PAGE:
Fast similarities about wolves and dogs:

  • Genetics
    • They share about 98.8 percent of the same genetics. This is due to the to the interbreeding of dogs and wolves.
  • Physical Attributes
    • While obviously wolves and dogs both have four legs, four paws, a wet nose, and a tail, there is much more than just those similarities. Dogs and wolves both have similar life expectancies.
    • While wolves have larger brains, longer legs, bigger feet, and longer muscles, dogs have a wider variety of traits because of domestication.
  • Behavior Similarities
    • Dogs and wolves are both pack animals. They also both show similar displays when they are greeting other dogs or humans, being friendly, or when being aggressive. However, wolves rarely every lick other people’s faces while dogs do tend to lick.
    • Both wolves and dogs also have the ability to hunt using their senses. Also, both dogs can be territorial but wolves are more likely to kill for competition or food.

While wolves and dogs do have many similarities, definitely do not try to domesticate a wolf because they are meant to be outside and in the wild, hunting and living their own lives. So, just make sure to stick with domesticated dogs!

The Puppy Bowl

Move aside Super Bowl LII, make way for Puppy Bowl XIV. While the Philadelphia Eagles face the New England Patriots on Sunday, February 4th, 2018, there will be another, much cuter game going on as well: The Puppy Bowl. On this super Sunday, not only will the Eagles play the Patriots, Team Ruff will go head to head with Team Fluff for the latest Puppy Bowl.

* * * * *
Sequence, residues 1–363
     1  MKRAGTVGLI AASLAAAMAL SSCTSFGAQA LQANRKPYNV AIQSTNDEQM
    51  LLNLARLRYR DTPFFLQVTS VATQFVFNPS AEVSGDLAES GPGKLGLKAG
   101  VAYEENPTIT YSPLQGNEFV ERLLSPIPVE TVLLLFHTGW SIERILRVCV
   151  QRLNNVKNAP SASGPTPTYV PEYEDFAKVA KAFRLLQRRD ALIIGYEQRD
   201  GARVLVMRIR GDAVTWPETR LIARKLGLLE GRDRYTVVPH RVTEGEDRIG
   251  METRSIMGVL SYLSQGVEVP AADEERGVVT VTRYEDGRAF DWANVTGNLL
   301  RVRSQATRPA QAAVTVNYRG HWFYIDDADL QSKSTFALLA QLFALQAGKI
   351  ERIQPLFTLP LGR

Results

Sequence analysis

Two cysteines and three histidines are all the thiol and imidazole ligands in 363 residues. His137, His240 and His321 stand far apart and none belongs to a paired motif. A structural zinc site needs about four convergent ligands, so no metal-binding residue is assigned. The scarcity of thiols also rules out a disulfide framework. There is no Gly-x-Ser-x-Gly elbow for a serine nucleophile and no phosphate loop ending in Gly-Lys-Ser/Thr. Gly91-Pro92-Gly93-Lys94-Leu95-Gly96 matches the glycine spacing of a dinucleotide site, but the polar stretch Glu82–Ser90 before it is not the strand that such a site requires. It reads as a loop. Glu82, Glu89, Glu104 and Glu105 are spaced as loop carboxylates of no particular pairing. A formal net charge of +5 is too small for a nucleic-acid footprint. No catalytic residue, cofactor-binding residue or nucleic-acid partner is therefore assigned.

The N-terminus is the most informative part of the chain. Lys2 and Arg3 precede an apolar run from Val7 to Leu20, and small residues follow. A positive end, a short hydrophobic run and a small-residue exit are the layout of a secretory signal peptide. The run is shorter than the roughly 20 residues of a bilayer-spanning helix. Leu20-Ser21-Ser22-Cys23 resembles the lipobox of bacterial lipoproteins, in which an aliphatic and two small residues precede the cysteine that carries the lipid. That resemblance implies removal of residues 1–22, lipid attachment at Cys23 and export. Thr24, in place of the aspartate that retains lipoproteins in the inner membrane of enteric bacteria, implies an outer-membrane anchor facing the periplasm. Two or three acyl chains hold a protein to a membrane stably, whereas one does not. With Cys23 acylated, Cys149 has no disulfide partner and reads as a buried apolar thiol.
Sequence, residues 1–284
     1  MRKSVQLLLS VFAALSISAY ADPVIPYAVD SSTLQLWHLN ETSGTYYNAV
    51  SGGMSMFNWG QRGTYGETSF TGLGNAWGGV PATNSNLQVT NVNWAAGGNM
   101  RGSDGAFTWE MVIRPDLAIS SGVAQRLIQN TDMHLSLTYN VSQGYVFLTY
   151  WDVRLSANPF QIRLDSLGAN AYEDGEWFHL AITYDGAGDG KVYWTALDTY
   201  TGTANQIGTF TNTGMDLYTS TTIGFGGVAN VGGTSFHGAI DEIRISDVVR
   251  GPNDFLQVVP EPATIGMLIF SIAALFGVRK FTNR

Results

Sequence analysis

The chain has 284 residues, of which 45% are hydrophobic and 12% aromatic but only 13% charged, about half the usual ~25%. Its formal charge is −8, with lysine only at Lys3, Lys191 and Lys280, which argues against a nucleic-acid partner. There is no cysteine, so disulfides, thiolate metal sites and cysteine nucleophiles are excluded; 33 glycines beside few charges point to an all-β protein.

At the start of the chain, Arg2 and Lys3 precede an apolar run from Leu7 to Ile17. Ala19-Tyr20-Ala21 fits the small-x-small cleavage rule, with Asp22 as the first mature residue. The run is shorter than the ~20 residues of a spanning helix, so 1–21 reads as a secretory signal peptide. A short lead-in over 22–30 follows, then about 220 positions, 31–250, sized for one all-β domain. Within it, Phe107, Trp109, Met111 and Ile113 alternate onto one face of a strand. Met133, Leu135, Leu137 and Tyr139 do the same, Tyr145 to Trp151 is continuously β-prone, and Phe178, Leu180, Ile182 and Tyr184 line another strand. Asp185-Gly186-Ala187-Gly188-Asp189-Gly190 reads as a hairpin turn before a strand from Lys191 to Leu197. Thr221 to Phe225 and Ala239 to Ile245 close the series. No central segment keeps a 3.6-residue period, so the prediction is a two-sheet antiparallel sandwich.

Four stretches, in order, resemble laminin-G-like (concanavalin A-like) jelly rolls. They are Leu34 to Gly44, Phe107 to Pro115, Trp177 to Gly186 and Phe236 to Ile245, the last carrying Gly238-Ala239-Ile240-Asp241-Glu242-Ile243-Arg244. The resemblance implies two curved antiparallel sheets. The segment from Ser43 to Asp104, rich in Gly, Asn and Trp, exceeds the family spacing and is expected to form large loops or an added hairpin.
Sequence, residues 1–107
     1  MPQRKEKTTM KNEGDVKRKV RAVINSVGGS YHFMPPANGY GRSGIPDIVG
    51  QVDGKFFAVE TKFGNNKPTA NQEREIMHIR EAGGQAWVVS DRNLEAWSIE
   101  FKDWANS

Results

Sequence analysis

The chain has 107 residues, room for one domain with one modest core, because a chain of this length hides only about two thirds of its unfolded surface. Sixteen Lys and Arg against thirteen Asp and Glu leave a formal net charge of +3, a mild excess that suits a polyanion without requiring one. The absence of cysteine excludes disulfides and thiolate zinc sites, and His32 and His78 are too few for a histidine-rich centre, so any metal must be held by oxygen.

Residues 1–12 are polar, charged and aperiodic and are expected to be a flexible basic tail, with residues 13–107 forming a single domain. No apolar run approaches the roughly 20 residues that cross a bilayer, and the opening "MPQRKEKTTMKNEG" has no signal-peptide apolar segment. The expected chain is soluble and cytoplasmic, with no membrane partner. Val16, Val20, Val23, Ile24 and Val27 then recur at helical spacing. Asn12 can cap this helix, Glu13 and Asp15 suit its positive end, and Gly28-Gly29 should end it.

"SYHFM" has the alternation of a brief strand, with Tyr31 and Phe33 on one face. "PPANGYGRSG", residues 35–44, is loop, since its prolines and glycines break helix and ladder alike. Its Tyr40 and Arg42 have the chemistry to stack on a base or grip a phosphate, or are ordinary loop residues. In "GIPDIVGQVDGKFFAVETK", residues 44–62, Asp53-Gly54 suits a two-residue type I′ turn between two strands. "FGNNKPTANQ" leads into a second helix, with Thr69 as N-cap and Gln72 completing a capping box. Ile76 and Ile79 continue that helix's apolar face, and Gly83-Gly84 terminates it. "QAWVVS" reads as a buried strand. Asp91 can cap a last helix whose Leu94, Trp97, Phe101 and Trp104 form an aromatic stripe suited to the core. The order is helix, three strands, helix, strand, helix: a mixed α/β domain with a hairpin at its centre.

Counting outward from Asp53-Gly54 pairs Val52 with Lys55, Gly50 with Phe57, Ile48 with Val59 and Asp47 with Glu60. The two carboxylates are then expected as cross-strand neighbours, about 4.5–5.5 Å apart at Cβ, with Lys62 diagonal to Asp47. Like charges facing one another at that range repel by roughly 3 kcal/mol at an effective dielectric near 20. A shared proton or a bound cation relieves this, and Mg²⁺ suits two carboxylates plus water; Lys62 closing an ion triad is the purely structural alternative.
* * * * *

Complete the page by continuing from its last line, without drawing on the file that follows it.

So how did this amazingly adorable tradition of dogs playing football begin? It all started in 2005 with a simple concept: it was a joke. Margo Kent, who is the executive producer, said the idea came from a simple thought, “How do you counter the Super Bowl? Let’s just put a box of puppies up there and call it a day.” While it started off as a joke and it was an idea just for fun, people realized that this idea was actually proven to be successful. The first year brought in 638,000 viewers when a puppy named Riley got the first penalty of “Unsportsmanlike Delay of Game” when he peed on the field. Last year, the Puppy Bowl raked in about 2.5 million views and it big business for the Animal Planet network, who runs the Bowl.  This success of the Puppy Bowl then led to many other animal copycats, like the Kitten Bowl and the Fish Bowl.

The basic premise of the Puppy Bowl has remained more or less the same since the beginning but the logistical complexity has grown many times over throughout the years. Today, they are teams and rules, as well as a rotating cast of guest animal cheerleaders like an inter-species duckling-bunny-piglet squad. Also this year, there is a new-and-improved bone-shaped stadium that has video cameras to catch every little detail.